Why a Culture of 'Personal Betterment' Is a Competitive Advantage
As the battle for talent continues to heat up, startups and small businesses are competing for quality employees against big corporations that have serious advantages working in their favor. In this changing job market, how do smaller companies compete for and retain valuable workers?
One option is to find ways to help employees invest in themselves as a kind of fringe benefit of employment. At my startup, Code School, we call this companywide policy of deliberate self-improvement "betterment," and it has become a central aspect of our culture.
Investing in employee self-improvement as a competitive advantage isn't just a platitude; it's backed by research. In its 2013 State of the American Workplace Report, Gallup revealed that employee engagement in the workplace can affect retention and even a company's bottom line. According to the study, millennials are the most likely of all the generations to say they will leave their jobs in the next 12 months if the job market improves.
However, companies that engage their employees can minimize the chances that they will leave. In fact, Gallup’s research described "opportunities to learn and grow" at companies as an important factor for millenials and members of Generation X deciding to stay with a company.
I have always believed that people want to be engaged at work, and one way to increase engagement is through policies that help employees nurture personal growth. At Code School, we do this by setting aside one day every month where we encourage our employees to work on anything that makes them better at their job. This could be exploring a new technology, learning a new language, reading a book, building a tool that helps the business or taking an online course.
Some of our employees use this time to work together to solve a problem and build rapport with one other. For example, a few have teamed up on a fitness-tracker project that has evolved into a cross-functional project involving team members from design, development, marketing and operations.
We also pay our employees to attend one local and one remote conference every year, and offer to pay for learning materials such as books, online courses and workshops.
All of this is designed to promote self-improvement and engagement at work, which impacts the bottom line. According to Gallup’s study, 70 percent of American workers are “not engaged” or else are “actively disengaged” at their jobs, costing U.S. companies $450 billion to $550 billion per year. An even more important statistic, I believe, is that only 22 percent of U.S. employees are engaged and thriving at work. As leaders, our job is to shift this number, which not only helps us keep good employees but also improves profitability of the business.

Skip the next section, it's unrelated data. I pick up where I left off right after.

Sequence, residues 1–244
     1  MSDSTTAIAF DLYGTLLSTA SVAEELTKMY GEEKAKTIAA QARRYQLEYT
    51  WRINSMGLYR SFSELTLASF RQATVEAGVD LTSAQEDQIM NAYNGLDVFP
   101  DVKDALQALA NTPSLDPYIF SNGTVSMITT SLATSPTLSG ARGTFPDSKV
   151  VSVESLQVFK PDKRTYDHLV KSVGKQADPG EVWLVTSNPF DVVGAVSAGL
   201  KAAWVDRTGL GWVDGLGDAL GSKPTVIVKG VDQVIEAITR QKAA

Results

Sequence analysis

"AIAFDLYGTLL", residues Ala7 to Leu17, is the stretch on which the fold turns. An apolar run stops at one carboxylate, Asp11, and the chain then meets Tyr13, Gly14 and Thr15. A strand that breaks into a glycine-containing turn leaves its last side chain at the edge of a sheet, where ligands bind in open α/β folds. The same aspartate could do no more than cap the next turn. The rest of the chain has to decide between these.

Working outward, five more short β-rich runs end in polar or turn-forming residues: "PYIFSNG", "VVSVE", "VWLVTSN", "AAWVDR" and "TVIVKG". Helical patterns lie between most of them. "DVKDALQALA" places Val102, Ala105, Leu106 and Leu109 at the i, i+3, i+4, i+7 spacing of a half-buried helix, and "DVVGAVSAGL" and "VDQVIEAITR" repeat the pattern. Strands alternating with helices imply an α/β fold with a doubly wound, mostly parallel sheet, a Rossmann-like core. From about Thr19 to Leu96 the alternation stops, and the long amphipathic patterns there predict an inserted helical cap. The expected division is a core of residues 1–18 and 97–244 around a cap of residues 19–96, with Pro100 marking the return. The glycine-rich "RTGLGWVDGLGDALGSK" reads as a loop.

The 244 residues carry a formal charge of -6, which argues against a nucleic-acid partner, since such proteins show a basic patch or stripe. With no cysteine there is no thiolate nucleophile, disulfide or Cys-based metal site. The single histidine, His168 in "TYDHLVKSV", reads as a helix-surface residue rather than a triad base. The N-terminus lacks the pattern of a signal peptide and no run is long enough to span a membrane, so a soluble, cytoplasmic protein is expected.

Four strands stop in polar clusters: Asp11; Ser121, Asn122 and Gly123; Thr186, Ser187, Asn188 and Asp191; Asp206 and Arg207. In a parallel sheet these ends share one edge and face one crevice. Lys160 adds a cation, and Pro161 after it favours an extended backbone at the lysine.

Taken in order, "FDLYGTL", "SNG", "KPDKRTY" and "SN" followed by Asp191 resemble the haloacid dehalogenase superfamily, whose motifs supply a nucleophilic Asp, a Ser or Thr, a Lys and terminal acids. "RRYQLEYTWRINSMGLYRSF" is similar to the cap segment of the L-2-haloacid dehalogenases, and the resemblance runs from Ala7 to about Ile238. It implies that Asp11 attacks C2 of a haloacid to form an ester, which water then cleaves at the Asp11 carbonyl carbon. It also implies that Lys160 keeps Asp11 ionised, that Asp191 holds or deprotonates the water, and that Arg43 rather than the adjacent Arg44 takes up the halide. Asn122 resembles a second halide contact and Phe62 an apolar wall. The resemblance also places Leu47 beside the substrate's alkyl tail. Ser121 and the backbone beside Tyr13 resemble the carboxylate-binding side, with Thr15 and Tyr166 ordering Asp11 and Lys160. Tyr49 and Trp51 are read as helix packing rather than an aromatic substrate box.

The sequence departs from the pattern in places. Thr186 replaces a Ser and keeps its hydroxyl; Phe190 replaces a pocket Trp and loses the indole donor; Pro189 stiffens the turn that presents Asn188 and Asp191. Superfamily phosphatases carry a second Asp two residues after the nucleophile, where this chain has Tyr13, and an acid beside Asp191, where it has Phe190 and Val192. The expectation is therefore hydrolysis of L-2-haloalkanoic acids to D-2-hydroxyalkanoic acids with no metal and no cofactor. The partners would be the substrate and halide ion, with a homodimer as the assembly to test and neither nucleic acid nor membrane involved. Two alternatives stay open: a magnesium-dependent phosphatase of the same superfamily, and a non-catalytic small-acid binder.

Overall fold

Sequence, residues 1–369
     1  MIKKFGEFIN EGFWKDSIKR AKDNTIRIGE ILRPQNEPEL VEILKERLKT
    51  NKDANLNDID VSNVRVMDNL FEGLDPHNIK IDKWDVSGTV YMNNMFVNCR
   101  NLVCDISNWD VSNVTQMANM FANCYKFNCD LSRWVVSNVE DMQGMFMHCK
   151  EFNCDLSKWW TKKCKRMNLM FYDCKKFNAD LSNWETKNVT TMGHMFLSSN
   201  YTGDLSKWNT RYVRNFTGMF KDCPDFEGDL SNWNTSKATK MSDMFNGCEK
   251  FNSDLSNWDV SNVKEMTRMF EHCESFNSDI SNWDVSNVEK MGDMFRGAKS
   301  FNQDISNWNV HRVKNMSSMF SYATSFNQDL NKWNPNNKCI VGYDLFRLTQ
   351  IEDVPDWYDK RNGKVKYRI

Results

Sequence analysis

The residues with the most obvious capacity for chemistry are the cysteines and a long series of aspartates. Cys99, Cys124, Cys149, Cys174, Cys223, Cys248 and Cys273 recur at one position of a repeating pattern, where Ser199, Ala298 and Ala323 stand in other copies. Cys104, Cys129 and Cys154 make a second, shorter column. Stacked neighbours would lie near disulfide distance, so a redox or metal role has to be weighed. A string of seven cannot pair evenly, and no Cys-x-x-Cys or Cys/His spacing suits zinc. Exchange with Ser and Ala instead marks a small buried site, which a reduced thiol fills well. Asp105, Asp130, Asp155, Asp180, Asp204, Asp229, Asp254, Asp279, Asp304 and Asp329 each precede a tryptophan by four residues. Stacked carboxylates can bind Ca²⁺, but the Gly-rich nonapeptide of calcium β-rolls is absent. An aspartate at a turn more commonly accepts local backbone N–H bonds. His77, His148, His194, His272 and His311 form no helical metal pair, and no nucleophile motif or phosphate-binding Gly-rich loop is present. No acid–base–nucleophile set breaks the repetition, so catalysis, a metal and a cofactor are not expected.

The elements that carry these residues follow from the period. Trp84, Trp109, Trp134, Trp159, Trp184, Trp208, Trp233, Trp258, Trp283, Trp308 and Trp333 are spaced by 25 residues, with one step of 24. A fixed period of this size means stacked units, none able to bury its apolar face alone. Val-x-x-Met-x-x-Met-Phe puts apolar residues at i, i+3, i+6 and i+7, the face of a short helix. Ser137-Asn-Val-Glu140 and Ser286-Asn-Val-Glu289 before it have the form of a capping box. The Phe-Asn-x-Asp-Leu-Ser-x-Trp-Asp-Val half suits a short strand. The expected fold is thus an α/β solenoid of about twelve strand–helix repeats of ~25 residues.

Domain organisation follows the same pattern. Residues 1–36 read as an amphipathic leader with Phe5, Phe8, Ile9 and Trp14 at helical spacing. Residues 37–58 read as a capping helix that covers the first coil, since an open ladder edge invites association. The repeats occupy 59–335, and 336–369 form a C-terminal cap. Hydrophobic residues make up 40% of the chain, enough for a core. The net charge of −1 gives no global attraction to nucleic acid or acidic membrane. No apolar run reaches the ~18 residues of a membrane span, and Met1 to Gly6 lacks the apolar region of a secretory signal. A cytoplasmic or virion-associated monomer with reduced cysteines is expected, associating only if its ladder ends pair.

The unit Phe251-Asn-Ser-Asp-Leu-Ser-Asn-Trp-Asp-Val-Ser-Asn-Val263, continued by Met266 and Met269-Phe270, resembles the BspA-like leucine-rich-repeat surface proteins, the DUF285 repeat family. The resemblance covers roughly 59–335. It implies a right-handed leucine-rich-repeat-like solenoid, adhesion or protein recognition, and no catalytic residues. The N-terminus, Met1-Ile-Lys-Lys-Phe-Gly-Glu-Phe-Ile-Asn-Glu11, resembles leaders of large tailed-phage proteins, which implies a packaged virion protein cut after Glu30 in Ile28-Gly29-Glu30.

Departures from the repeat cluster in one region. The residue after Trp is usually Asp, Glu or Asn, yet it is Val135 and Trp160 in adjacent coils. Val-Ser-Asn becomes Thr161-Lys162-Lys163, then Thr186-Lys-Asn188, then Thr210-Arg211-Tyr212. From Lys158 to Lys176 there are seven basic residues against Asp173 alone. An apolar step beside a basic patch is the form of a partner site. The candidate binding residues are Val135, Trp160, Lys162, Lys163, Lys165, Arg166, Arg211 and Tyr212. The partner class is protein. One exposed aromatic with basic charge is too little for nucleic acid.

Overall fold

If inspired employees and higher profits aren't incentive enough for companies to pursue a culture of betterment, then perhaps competition is. Google famously initiated this way of thinking with its "20 Percent Policy," which resulted in some of the search company's most influential and profitable products, including Gmail and AdSense, among others. If a giant like Google thinks this kind of policy is important, then small business too should seriously consider the role of betterment and inspiration in building a lasting company culture.
Regardless of your company's size, authenticity is the key to making a betterment policy really work. A policy focused on personal growth breaks down in implementation if the focus strays from the desire to improve your employees and your relationship with them.
The other benefits, such as new ideas and increased profits, will grow naturally. Whether it’s mastering a new coding language or learning to play the violin, employees who are are engaged and thriving in ways that matter to them personally, are more likely to maintain a strong work performance.
As adults, we often don't leave ourselves enough time to play and experiment. Betterment is everyone's opportunity to spend time trying something new or experiencing different things. Sometimes, this may lead to amazing new products that benefit the company, but more often it just leads to happier, more invested employees. Either way, you’ve created a company that job candidates seek and a place where talented workers want to stay.
Gregg Pollack is founder and CEO of Code School, a learning destination for existing and aspiring developers. A serial entrepreneur, Pollack also founded Envy Labs and Starter Studio, among others.